2. Parachute.
  3. Dreams.
  4. Food.
  5. Your enemies.
  6. Underwear.
  7. Ice cream.
  8. Birds.
  9. Rain?
  10. Mirror.

I mostly liked the mirror/rain/birds option, and, wanting to create a metroidvania for a while (I never have, before), I thought birds would fit the bill. So I started designing the game at around 5:30. I still lacked a title. About an hour later, I had a general idea of what I wanted the game to look and play like. I wanted it to be a very difficult platformer, a sort of “speedrunner’s dream”. I wanted to use a limited color palette of white, black and grays that emphasized silhouettes. I worked on player movement and started working on the birds, until I went to sleep at around 9 AM, but not before posting a call for title ideas on FB:


I woke up at around 12:30, and after a short lunch, got to work. Most of Saturday was spent implementing the behavior of the birds, and their different interactions with the player, as well as toying around with different targets (originally a flash game, due to bad performance ported to Windows), and doing some sprite work for the tileset, player, birds, and enemies. So by the end of Saturday, I had stuff like this:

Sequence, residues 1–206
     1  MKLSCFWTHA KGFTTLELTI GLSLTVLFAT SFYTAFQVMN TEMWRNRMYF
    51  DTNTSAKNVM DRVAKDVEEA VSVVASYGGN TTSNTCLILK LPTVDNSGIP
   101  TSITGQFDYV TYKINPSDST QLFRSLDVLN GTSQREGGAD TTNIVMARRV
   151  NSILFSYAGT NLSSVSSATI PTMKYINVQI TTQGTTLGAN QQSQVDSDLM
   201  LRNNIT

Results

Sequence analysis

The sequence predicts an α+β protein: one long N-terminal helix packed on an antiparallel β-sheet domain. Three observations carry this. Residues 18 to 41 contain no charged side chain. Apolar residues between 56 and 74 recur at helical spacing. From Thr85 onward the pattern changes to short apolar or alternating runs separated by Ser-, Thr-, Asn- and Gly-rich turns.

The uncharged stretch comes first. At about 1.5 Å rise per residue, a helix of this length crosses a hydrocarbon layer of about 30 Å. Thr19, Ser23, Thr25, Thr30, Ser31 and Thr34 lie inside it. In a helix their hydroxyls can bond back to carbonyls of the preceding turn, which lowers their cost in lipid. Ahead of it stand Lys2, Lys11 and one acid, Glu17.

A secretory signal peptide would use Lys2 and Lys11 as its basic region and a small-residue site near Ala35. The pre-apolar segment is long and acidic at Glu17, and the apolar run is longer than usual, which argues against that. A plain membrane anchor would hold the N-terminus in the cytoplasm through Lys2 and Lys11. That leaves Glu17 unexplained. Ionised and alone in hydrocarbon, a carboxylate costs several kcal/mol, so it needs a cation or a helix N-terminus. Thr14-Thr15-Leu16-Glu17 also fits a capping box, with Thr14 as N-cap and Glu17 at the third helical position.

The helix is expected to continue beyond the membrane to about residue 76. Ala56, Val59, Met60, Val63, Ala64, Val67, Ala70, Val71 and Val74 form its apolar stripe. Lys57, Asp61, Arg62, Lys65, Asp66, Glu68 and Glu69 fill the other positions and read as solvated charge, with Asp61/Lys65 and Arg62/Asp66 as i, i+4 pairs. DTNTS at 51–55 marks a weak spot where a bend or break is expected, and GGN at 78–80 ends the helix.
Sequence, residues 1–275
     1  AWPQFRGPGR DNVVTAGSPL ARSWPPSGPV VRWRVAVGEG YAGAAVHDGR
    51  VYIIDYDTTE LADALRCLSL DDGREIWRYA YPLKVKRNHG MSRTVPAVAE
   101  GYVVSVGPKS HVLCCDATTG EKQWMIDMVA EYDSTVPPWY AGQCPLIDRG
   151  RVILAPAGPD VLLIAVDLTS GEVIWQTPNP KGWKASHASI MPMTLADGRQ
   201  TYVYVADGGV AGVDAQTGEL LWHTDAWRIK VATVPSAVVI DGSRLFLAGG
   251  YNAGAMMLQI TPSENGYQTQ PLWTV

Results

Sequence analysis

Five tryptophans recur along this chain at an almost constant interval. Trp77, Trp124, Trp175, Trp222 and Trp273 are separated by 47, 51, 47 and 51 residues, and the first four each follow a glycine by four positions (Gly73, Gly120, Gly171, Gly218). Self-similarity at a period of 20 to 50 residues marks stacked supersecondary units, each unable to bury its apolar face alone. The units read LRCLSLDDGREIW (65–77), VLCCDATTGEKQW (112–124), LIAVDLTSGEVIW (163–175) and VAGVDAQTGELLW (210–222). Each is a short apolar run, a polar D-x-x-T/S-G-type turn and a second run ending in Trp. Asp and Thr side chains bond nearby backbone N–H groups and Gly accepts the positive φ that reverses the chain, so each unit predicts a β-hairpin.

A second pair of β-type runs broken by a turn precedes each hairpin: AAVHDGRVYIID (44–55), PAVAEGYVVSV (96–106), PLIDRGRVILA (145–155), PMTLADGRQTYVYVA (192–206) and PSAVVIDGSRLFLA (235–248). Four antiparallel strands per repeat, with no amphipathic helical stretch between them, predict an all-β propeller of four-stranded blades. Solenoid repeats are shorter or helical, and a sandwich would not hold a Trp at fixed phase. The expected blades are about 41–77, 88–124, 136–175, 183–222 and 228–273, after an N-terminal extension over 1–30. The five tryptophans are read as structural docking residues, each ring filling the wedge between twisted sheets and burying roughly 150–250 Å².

^ Birds blocking shots.


^ Player walking over birds.


^ FLYINK!!!!


At 20:20 on Saturday, I showered, got dressed up, and went to a wedding party. I did not dance that night. I was pretty off and strange I think. Some people around the table stared at me awkwardly.

It was a fun wedding though.

I got home at around 00:30 on Sunday, and started working on the first “area”. I collapsed of exhaustion at 2:30 AM.